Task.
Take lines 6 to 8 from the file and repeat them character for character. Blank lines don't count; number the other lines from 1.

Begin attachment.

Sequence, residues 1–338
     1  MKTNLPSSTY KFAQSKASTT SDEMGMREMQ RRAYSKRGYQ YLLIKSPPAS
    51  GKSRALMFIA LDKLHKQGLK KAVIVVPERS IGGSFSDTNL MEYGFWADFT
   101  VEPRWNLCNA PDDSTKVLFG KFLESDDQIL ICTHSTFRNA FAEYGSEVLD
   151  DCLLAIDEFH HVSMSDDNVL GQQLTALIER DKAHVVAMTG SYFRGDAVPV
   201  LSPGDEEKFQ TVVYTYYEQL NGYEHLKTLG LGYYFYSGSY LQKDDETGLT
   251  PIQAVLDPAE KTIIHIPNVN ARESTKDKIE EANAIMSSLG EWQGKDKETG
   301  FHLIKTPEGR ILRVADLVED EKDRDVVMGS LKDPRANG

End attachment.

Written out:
   201  LSPGDEEKFQ TVVYTYYEQL NGYEHLKTLG LGYYFYSGSY LQKDDETGLT
   251  PIQAVLDPAE KTIIHIPNVN ARESTKDKIE EANAIMSSLG EWQGKDKETG
   301  FHLIKTPEGR ILRVADLVED EKDRDVVMGS LKDPRANG